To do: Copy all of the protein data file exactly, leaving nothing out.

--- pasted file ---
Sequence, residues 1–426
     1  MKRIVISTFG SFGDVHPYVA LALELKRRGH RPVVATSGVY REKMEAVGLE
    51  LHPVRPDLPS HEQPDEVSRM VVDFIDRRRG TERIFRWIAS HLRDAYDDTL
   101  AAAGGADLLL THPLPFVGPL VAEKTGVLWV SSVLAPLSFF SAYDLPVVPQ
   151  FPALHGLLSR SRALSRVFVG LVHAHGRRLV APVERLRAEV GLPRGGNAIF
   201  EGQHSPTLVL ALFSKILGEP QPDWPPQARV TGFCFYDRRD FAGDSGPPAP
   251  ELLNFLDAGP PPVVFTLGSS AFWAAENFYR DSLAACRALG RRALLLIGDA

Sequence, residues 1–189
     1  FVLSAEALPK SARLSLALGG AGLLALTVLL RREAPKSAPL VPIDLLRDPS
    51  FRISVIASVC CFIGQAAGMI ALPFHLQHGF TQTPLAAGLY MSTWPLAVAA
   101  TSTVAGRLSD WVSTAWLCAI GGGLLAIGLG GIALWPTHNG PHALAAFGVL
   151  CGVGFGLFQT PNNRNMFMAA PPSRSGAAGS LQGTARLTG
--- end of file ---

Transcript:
Sequence, residues 1–426
     1  MKRIVISTFG SFGDVHPYVA LALELKRRGH RPVVATSGVY REKMEAVGLE
    51  LHPVRPDLPS HEQPDEVSRM VVDFIDRRRG TERIFRWIAS HLRDAYDDTL
   101  AAAGGADLLL THPLPFVGPL VAEKTGVLWV SSVLAPLSFF SAYDLPVVPQ
   151  FPALHGLLSR SRALSRVFVG LVHAHGRRLV APVERLRAEV GLPRGGNAIF
   201  EGQHSPTLVL ALFSKILGEP QPDWPPQARV TGFCFYDRRD FAGDSGPPAP
   251  ELLNFLDAGP PPVVFTLGSS AFWAAENFYR DSLAACRALG RRALLLIGDA

Sequence, residues 1–189
     1  FVLSAEALPK SARLSLALGG AGLLALTVLL RREAPKSAPL VPIDLLRDPS
    51  FRISVIASVC CFIGQAAGMI ALPFHLQHGF TQTPLAAGLY MSTWPLAVAA
   101  TSTVAGRLSD WVSTAWLCAI GGGLLAIGLG GIALWPTHNG PHALAAFGVL
   151  CGVGFGLFQT PNNRNMFMAA PPSRSGAAGS LQGTARLTG